Indeed, I think most of the organizers of these secondary speech boycotts support them because they haven’t given much thought to what the world would look like if everyone acted that way. But the other day a friend, an executive at a midsize company in Wisconsin, raised the question of whether he should hire someone who had signed a petition to recall Wisconsin Governor Scott Walker, even though the applicant was qualified for the job. Voters and groups on the political right are not going to sit by forever without organizing their own secondary boycotts. And when that happens, the political left, currently so enamored of secondary speech boycotts, may or may not come out “victorious.” But whomever would seem to win, it would come at an enormous cost to civil, rational debate, and would almost certainly lead to the stifling of many valuable political ideas and innovations.
In a symposium yesterday sponsored by the Price School of Public Policy at USC and the California Fair Political Practices Commission, I raised these serious problems in the context of mandatory political disclosure. I noted that increasingly, mandated disclosure of political activity was not being used for any of the three generally cited and judicially recognized legitimate state interests: exposing patterns of shirking or corruption (where an officeholder may simply be doing the bidding of a small number of donors rather than the constituency), assisting in enforcement of contribution limits, and providing voting cues to the public. Rather, they are increasingly used for the purpose of organizing secondary boycotts. This, I suggested, is not a good thing, and a reason to move carefully on the calls for ever increasing disclosure. Indeed, I suggest that government has no compelling interest in assisting its citizens to organize boycotts of disfavored views.
Quite unsurprisingly, I suppose, it has already been suggested by one liberal group that I favor outlawing such secondary boycotts of political speakers, and to be honest, I can understand why if one wasn’t paying close attention they might conclude that. After all, we live in a society in which many people believe that what is not banned must be required; that disagreement is censorship, and so on. So to be even more clear than I was at yesterday’s symposium, I do not want legal action to limit these secondary boycotts. In fact, ironically, it was Richard Briffault, another panelist, who suggested that if mandatory disclosure leads private actors to harm speakers, the law should provide still added remedies for the person who has now been injured, rather than trimming back on disclosure itself (not that Richard favors prohibitions on these secondary speech boycotts).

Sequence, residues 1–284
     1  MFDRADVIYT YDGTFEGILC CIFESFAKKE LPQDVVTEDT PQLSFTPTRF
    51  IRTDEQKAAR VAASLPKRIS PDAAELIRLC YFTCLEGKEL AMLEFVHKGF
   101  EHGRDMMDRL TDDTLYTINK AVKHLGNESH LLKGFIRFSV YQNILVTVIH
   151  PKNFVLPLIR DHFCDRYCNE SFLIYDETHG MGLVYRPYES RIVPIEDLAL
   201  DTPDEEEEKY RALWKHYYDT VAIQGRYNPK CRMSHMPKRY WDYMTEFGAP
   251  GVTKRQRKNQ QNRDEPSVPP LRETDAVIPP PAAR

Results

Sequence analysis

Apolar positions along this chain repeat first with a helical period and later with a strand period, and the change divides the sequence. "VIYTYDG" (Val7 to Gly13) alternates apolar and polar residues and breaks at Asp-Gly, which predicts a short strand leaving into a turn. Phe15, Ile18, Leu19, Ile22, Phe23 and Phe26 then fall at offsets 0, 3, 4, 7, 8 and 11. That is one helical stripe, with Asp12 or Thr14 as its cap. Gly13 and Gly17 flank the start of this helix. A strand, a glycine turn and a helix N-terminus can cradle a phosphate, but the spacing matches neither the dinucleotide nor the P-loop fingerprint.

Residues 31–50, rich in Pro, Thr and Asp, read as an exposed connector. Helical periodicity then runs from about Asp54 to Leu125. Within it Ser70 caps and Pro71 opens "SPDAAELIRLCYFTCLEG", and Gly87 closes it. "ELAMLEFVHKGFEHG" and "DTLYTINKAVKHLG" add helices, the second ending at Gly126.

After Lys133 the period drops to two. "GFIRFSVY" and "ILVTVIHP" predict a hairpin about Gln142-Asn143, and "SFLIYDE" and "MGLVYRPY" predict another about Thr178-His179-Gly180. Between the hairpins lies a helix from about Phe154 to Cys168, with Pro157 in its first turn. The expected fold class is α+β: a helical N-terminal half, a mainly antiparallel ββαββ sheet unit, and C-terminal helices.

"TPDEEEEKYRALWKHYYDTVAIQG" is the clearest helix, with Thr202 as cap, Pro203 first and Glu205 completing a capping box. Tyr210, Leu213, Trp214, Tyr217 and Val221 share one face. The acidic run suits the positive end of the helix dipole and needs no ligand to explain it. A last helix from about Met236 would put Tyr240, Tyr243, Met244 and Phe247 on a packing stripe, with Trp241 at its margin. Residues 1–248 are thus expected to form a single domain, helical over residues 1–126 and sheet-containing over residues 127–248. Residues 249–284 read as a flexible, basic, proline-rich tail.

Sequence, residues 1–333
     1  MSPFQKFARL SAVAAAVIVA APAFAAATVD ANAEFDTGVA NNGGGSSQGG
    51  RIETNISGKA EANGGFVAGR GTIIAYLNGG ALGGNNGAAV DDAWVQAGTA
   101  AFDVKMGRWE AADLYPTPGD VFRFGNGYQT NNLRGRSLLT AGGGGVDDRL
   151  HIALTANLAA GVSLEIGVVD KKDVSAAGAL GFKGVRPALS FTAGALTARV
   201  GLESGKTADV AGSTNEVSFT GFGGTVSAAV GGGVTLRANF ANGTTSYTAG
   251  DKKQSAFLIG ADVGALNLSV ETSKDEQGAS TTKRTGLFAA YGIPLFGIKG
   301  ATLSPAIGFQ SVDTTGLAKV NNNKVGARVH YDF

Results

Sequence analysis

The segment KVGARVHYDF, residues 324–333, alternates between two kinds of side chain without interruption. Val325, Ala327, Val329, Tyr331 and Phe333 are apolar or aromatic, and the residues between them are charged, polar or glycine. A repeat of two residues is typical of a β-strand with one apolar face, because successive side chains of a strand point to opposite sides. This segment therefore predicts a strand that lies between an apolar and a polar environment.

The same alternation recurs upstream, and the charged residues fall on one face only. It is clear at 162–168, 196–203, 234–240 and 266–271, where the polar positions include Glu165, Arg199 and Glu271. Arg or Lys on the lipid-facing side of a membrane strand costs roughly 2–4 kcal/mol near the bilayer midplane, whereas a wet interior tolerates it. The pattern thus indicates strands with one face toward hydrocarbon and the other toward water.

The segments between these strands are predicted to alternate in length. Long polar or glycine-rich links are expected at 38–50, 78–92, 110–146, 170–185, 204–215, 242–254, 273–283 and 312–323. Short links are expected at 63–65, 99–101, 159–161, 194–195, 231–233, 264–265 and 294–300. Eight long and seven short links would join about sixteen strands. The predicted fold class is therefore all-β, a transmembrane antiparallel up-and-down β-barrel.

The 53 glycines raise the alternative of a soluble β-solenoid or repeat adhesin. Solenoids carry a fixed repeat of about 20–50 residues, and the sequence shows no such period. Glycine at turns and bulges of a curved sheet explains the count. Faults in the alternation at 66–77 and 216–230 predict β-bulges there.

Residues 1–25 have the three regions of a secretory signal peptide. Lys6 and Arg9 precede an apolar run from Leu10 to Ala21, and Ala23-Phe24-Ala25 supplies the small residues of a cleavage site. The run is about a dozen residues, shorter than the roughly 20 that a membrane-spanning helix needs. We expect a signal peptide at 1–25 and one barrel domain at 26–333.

In any event, we shouldn’t limit these secondary speech boycotts. For one thing, leaving aside all else, it would be virtually impossible to do. But it is not clear that government has any compelling interest in forcing people to publicly disclose their political activity so that others can organize secondary boycotts. And to the extent that that is increasingly the primary use made of compulsory disclosure of political contributions and activity, we ought to move very carefully before extending the scope of disclosure laws. Indeed, it provides a strong rationale for limiting the scope of compulsory disclosure of political speech, contributions, and activities. This discussion starts at about the 45 minute mark yesterday, and just past the 57 minute mark in yesterday’s discussion I think I make clear, lest there have been any doubt, that the issue is not one of making these secondary boycotts illegal, but of recognizing that they are a harm to be considered in forcing people to disclose their political activity, and that government has no interest in intruding on privacy and upsetting the historic protection of anonymous speech in order to assist citizens in organizing boycotts.